A new version of JUnit v5.3 was released last week. There are some changes and new features like parallel test execution, enhancements to AssertThrows, and others in this new version.
JUnit is a popular unit testing framework for the Java which has been instrumental to the rise of test-driven development.
Below are some of the key highlights of JUnit 5.3.
Capturing output from a console
It is now possible to capture System.out and System.err output using a TestExecutionListener in Junit 5.3. Capturing console output may not be a frequent need, but can become necessary in some cases such as when working on legacy code bases where statements are being written to console and viewing them can be useful. There are two steps to get this working, implementing a TestExecutionListener and configuring surefire to start capturing console output.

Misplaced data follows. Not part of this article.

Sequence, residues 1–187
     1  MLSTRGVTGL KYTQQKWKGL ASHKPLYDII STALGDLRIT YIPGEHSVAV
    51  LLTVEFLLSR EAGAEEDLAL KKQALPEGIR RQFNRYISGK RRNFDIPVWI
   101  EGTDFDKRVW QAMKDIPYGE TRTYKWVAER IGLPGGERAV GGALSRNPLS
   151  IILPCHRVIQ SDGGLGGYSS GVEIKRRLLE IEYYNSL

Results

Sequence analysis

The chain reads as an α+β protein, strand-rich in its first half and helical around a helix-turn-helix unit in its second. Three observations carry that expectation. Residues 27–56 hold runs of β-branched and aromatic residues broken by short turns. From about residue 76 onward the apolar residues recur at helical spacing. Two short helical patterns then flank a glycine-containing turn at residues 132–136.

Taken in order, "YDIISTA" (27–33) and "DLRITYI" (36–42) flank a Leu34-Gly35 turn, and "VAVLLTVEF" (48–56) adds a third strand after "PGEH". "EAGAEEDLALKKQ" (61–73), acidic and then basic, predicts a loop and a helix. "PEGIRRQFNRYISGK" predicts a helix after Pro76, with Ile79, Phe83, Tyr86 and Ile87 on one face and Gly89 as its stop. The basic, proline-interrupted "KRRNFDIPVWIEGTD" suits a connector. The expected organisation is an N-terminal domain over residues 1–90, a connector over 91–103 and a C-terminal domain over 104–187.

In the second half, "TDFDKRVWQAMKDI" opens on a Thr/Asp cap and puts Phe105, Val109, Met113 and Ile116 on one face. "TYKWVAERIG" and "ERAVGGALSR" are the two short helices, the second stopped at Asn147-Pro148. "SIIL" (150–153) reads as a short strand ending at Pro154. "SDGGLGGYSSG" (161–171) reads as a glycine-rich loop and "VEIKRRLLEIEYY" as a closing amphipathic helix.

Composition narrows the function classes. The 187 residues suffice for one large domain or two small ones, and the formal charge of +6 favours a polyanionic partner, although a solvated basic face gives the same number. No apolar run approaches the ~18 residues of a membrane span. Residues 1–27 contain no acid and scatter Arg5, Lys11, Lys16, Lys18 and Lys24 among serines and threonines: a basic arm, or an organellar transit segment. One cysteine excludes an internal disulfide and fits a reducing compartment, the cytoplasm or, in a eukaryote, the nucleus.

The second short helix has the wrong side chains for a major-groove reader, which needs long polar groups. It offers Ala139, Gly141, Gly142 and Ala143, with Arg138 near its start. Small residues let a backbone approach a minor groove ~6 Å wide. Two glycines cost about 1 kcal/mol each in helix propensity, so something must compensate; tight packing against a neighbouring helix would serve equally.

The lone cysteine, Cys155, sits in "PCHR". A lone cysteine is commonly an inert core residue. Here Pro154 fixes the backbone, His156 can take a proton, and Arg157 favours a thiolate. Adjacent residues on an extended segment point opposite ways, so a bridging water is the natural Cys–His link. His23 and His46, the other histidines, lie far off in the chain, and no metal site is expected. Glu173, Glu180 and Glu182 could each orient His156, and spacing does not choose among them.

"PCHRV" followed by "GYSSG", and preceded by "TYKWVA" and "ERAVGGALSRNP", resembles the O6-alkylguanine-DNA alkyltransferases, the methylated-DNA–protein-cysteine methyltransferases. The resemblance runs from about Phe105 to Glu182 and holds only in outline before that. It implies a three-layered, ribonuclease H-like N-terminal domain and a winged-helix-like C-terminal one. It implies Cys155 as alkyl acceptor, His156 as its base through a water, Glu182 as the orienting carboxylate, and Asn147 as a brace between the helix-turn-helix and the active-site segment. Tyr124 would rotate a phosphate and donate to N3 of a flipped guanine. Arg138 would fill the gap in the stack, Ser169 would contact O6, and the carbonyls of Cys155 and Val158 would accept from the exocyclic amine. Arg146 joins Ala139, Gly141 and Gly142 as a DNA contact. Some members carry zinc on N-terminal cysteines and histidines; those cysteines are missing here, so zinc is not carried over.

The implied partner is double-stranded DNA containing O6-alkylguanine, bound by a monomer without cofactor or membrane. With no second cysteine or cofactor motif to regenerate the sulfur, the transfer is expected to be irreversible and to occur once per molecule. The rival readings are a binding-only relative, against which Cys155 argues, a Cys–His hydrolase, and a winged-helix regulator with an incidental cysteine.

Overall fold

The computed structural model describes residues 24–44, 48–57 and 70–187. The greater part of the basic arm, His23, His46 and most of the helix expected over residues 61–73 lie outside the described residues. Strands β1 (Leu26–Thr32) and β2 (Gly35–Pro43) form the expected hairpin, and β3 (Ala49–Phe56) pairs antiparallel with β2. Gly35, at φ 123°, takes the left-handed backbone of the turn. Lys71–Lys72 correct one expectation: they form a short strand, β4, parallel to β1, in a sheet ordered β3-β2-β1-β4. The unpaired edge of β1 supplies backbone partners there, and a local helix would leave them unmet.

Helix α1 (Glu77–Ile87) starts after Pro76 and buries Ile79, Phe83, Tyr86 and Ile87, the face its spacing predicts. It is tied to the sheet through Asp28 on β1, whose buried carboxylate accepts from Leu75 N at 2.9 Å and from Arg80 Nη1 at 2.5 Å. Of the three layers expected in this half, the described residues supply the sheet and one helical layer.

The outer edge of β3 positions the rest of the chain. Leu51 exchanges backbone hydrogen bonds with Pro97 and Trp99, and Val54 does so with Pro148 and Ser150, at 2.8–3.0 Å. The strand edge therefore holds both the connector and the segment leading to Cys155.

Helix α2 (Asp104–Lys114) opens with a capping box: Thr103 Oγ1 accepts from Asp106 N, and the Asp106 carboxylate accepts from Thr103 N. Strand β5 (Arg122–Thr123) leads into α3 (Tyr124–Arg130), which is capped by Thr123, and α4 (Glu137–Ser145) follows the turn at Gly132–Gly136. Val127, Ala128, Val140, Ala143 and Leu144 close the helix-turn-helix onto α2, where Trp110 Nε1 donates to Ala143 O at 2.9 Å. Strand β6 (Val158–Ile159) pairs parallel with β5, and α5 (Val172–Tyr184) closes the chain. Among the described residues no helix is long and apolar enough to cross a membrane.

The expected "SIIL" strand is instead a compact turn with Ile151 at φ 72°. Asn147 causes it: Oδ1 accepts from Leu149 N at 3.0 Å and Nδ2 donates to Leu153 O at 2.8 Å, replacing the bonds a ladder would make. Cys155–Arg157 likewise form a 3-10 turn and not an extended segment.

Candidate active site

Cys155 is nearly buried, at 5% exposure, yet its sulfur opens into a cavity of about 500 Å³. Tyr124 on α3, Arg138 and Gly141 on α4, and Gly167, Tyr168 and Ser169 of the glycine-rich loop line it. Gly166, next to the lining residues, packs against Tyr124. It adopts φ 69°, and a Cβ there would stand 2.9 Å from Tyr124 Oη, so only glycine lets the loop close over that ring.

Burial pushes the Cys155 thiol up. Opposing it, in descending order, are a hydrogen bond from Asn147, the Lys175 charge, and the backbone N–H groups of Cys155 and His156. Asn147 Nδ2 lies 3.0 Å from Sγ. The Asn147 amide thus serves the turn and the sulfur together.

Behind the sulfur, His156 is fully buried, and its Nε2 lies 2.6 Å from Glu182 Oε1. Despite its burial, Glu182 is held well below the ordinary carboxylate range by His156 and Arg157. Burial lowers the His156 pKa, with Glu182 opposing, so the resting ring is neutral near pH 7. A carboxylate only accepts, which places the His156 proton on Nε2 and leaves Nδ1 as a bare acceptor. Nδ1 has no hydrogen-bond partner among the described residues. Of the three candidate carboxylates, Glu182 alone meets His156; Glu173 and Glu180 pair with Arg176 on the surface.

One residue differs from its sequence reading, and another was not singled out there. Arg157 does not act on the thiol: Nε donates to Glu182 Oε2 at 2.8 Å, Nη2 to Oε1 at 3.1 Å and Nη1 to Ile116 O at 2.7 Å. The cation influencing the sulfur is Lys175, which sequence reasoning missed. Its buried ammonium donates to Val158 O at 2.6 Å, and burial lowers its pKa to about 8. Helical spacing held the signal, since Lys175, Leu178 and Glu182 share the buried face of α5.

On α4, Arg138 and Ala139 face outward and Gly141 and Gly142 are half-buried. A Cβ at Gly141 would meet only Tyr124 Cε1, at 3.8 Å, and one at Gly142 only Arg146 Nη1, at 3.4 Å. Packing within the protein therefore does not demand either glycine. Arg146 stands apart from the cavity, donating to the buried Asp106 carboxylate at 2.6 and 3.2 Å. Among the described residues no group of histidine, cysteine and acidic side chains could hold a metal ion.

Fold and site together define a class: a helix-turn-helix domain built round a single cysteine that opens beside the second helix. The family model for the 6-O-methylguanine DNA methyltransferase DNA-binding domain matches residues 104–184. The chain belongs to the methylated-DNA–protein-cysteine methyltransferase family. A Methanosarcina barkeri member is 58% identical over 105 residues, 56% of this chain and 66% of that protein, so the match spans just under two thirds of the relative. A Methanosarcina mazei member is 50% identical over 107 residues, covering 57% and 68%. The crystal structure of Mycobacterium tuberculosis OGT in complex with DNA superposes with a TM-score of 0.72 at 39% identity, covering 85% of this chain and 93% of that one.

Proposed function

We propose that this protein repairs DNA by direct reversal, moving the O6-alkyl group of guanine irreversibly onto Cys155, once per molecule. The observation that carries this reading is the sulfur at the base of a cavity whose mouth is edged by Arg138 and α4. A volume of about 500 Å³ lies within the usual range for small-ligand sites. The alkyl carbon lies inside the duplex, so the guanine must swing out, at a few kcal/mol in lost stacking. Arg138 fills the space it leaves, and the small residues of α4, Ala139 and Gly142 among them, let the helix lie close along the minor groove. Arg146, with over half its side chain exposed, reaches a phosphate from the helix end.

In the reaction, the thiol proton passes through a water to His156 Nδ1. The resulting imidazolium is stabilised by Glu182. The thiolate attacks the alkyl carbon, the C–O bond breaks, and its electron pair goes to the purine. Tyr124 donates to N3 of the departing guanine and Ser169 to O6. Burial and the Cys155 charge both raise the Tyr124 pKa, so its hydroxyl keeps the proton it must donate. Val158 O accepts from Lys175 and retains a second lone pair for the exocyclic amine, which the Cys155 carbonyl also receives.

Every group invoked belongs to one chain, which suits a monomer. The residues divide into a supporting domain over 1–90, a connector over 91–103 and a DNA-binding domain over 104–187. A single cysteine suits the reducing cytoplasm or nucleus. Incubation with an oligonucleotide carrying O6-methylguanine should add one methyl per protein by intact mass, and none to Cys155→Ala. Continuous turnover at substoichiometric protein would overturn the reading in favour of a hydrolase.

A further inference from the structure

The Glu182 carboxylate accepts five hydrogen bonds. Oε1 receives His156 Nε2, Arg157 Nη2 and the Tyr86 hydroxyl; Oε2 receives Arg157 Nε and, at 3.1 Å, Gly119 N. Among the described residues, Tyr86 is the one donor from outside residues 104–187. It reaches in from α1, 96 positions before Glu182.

Enhancements to AssertThrows
The assertThrows assertion is updated to display the value a method returns. This works only if the method runs successfully and returns a value and no exception is thrown. It can be helpful for debugging a failing test case.
Parallel test execution
Parallel test execution is now enabled and can be configured via build files. This can be a pom.xml, build.gradle etc. The parallel test execution behavior can be changed at both, method and class levels with the annotations: @Execution and @ResourceLock. For detailed information on configuring and using parallel test execution in JUnit 5, check out the user guide.
There are also some libraries and tools updated that are used with JUnit like filtering changes with native support, enhanced mockito dependency injection support, updates to AssertJ Soft Assertions and opentest4J.
JUnit 5.3.1 was released on September 9, shortly after JUnit 5.3 and there are some minor fixes. There is another major change where variants of assertThrows() introduced in JUnit 5.3.0 that accepted ThrowingSupplier arguments are now removed.